On October 14, 2020, the Yamaha e-Vino was officially launched in the land of the rising sun, Japan. This little e-scooter is one of team blue’s first entries in the segment. Known in the Philippines for their smash hits like the Yamaha NMAX 155, Aerox 155, and Mio i125, team blue seems to be paying attention to battery-operated in-city transport that little bit more.
For most commutes in the city, a small, compact, and lightweight scooter is an indispensable tool to get around and people have developed a routine around gasoline-powered vehicles for some time now. So the question on our heads looms, will the most popular motorcycle brand in the country do good with an all-electric bike like the e-Vino?
The answer is that it could. Given the specs of the model, you can expect it to have a dry weight of just 68 kg. Add the battery and you bring that total to 74 kg. The 50V lithium-ion battery only nets an increase of just 6 kilograms. That metric alone makes it seem like a perfect bike to take around the city on your daily commutes. Expect that battery pack to last you about 29 kilometers before needing a charge, but Yamaha also supplies spare batteries that you can take with you in case you need to extend the range, though charging times are impressively quick at just about 3 hours as claimed by Yamaha Japan.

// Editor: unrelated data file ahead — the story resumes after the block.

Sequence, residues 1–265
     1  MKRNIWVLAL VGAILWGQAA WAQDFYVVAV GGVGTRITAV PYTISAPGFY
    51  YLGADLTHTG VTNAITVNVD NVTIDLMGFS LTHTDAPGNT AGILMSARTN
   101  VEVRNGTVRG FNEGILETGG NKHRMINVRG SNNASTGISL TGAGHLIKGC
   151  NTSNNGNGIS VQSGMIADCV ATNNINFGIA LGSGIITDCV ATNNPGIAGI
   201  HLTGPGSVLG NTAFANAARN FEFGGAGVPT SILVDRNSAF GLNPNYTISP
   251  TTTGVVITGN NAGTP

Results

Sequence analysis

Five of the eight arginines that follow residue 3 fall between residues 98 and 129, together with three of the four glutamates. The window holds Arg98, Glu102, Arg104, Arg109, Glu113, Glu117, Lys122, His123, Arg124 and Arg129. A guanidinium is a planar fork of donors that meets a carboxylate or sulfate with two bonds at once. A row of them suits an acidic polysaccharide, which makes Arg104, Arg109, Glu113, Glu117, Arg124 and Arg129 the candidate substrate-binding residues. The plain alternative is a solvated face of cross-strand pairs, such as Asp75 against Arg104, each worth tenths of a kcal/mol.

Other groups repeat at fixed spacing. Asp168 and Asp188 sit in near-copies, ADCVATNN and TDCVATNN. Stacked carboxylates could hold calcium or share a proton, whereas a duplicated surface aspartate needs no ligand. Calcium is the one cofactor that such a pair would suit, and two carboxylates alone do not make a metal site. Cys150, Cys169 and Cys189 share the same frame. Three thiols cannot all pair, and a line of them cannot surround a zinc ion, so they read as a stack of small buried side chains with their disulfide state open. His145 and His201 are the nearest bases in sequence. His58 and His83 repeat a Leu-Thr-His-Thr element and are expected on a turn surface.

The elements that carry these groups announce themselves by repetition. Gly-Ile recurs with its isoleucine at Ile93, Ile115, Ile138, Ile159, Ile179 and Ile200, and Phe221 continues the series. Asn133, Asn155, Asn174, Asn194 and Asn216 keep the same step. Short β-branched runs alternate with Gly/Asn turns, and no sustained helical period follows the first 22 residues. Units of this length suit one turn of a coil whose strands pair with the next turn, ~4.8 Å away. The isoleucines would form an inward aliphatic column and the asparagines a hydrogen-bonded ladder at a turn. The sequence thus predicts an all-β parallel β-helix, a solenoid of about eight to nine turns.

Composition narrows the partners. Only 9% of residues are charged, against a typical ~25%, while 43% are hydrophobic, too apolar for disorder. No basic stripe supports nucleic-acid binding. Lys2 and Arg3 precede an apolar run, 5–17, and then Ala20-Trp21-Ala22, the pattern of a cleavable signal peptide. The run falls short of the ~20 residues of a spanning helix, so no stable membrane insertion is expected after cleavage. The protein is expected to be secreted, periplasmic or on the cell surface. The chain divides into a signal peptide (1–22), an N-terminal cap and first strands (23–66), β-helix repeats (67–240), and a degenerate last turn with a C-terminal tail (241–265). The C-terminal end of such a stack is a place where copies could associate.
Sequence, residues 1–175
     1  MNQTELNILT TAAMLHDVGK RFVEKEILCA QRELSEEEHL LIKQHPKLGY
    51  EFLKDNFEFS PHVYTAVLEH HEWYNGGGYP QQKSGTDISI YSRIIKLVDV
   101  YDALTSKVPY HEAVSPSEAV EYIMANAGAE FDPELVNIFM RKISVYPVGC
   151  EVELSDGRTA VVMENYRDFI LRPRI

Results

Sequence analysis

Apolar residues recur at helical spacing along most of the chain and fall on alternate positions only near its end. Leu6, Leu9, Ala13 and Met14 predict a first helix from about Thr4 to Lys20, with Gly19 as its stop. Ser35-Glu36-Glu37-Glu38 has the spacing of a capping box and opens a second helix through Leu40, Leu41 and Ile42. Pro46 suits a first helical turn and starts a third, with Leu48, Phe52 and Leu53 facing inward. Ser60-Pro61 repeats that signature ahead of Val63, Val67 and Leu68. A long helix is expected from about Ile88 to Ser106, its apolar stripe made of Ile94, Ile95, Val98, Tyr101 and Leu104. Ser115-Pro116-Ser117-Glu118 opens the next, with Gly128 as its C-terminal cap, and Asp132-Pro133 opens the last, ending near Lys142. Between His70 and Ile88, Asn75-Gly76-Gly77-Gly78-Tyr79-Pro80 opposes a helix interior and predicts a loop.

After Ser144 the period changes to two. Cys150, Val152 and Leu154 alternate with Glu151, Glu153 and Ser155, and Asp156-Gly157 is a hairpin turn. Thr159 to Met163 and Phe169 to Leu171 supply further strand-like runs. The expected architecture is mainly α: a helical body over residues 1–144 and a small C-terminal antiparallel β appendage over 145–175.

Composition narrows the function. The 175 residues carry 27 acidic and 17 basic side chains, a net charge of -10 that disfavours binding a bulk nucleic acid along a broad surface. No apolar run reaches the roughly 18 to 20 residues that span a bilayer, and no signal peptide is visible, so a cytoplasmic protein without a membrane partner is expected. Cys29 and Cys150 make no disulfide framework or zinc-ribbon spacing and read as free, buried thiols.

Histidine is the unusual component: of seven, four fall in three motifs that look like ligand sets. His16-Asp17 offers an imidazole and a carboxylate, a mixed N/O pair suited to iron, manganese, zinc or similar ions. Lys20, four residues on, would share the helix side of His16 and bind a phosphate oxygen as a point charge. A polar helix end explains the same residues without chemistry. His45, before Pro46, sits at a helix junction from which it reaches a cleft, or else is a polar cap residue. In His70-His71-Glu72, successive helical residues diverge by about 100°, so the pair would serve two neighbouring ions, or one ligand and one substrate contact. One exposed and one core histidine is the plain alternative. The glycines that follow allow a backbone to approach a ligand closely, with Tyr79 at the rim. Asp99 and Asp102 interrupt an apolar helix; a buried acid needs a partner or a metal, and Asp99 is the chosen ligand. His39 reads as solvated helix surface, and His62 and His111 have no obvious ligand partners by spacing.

A rider could head to work, possibly plugin, complete their workday and go home. Perhaps the most daunting hurdle would be the range anxiety that you may get while on your commute, but that can be remedied by topping up the battery while at your workplace. Also present on the bike is an LCD display that has a low power indicator in the form of a turtle. Makes sense since e-vehicles tend to slow down once the battery voltage gets low. You also get two modes, which include ‘Standard’ and ‘Power’ mode. You also get a ‘Boost’ function that allows you a bit more oomph for 30 seconds to overcome inclines or your need for speed. Expect worse battery life and range if you do wring out this bike’s throttle, however.
That depends on Yamaha Philippines if you can get it. So far, there is no word on the introduction of this model to the Philippine market, which is understandable given the landscape of e-bikes on the archipelago. This offering from team blue can do some good reducing emissions and making transport more accessible to people who want a simple and clean solution to their commuting needs. However, the price tag in Japan is a bit on the expensive side, with the model going for about 259,000 JPY or about P120,000, the bike is a bit on the expensive side. Seeing as e-bike tech is on the newer side, early adopters could expect to pay about the price of an NMAX 155 without ABS.
It could do well in the country, and the Yamaha brand backing it could instill a lot of confidence with the Filipino buyer. Though we don’t expect that Yamaha Philippines will bring it in at least for now. We cannot deny, however, that the scooter is a stylish vehicle that could be one of the most convenient forms of transport for a majority of people.